ASEAN states aim to form a shared market next year, but experts say corporate confidence in the bloc remains shaky.
In 2008, the 10 Southeast Asian nations that make up ASEAN pledged to achieve a single market and production base with free movement of goods, services, investment, capital and skilled labor by 2015. The project - dubbed ASEAN Economic Community (AEC) - also focuses on the region's full integration into the global economy.
"ASEAN does not have the political will to achieve this level of integration anytime soon. [It's] still struggling to represent itself internationally and integration of the bloc economically hasn't progressed very well since its formation. I'm cautious on the region," Dariusz Kowalczyk, senior economist at Credit Agricole told CNBC.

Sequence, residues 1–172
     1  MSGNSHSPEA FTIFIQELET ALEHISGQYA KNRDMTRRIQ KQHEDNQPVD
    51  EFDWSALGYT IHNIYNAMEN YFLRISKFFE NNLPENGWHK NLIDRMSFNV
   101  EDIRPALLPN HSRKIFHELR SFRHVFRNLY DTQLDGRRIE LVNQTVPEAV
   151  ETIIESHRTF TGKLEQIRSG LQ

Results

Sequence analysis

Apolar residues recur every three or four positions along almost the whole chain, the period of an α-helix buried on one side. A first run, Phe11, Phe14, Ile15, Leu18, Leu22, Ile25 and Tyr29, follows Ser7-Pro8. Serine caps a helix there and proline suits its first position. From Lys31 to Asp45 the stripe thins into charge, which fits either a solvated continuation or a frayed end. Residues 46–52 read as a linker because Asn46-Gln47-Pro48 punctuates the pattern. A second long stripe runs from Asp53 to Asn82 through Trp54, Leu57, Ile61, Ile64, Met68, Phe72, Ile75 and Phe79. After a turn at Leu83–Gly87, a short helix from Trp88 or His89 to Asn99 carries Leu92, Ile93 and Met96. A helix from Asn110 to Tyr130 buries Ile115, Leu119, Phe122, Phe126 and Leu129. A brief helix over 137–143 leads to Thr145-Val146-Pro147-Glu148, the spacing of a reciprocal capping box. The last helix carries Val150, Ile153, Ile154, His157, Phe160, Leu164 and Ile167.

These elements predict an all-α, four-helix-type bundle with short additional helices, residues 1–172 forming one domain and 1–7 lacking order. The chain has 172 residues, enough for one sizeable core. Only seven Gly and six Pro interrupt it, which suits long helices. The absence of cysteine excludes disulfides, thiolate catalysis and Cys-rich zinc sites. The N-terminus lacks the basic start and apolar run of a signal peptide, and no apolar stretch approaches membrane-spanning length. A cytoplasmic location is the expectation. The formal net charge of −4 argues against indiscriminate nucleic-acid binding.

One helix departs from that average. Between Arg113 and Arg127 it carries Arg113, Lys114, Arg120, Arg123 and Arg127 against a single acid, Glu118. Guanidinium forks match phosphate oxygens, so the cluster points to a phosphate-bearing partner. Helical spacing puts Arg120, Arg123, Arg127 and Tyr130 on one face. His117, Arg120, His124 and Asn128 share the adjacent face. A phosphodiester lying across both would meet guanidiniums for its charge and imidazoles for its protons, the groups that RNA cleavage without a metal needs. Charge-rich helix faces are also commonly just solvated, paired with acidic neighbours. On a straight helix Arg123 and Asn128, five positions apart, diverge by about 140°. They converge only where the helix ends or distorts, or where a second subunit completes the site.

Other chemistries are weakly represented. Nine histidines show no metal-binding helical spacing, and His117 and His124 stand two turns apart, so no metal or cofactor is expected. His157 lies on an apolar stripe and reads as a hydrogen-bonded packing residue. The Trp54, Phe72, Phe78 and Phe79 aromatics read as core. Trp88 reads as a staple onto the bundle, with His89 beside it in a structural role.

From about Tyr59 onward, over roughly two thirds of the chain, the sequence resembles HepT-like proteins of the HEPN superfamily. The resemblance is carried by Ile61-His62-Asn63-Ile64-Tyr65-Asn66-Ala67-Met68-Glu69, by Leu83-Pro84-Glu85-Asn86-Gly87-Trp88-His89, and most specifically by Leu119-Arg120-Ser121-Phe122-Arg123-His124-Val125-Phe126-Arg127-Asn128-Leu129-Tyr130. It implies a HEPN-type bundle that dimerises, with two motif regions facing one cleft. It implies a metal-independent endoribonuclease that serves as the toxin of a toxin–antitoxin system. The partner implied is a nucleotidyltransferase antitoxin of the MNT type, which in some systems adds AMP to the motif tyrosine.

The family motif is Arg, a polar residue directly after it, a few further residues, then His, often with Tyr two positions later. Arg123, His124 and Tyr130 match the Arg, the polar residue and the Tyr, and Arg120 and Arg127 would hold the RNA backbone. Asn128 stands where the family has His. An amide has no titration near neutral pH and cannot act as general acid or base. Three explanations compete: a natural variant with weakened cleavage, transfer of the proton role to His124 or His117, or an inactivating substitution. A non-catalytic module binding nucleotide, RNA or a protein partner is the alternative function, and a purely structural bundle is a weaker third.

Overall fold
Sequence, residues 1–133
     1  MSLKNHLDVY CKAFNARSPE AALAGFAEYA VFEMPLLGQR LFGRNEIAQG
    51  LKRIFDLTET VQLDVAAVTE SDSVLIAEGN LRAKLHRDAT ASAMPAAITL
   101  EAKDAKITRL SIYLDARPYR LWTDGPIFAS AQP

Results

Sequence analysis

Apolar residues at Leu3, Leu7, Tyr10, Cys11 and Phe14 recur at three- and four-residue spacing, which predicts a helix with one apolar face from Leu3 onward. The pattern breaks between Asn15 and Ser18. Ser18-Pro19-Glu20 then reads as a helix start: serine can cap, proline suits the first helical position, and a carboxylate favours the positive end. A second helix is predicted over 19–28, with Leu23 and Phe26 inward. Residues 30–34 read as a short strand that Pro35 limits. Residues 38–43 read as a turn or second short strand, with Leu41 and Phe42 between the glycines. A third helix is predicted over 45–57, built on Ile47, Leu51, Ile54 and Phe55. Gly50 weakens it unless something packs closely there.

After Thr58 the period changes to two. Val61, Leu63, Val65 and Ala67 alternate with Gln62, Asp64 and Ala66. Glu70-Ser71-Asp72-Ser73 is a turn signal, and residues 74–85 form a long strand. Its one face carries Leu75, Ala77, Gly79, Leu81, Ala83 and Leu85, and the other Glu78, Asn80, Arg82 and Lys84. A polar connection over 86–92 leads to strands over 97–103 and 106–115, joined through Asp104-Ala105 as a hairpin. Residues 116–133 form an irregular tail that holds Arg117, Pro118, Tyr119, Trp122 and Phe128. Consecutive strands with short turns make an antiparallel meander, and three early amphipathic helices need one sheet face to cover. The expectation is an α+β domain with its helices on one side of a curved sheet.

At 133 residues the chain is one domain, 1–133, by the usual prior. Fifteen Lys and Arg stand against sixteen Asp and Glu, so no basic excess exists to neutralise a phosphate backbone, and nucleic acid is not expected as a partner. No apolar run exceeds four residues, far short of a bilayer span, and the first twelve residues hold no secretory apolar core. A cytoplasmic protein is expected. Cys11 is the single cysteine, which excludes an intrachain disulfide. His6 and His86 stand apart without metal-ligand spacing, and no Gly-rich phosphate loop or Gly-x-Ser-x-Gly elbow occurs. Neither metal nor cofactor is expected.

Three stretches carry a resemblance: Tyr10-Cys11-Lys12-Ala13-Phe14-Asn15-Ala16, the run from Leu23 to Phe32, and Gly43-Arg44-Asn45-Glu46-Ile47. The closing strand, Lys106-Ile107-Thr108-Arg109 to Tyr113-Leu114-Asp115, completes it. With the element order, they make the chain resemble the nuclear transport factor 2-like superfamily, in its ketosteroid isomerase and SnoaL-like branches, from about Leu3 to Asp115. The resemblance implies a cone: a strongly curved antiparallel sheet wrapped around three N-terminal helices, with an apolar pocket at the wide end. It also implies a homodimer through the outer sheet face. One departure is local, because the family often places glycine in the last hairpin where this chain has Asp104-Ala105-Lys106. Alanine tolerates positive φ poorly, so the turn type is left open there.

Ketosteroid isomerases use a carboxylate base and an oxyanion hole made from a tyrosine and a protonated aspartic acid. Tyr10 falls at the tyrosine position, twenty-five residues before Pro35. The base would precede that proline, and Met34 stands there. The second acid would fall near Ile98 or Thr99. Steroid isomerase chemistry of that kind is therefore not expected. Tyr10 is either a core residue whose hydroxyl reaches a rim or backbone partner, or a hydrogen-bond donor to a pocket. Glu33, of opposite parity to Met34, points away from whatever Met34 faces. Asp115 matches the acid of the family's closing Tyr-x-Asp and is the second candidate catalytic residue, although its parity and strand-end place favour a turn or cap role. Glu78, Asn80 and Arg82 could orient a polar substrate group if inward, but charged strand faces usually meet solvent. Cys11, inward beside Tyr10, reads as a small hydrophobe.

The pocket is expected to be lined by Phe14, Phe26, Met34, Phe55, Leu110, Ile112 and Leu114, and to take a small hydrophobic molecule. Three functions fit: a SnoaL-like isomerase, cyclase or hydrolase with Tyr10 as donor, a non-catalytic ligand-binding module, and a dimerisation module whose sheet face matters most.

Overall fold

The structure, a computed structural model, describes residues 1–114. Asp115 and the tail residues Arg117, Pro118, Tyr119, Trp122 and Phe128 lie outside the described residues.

Global companies are skeptical on the group's target. Asked whether ASEAN governments will actively push integration forward, sixty percent of companies in a Boston Consulting Group (BCG) survey published Wednesday said "maybe," and 10 percent said "no."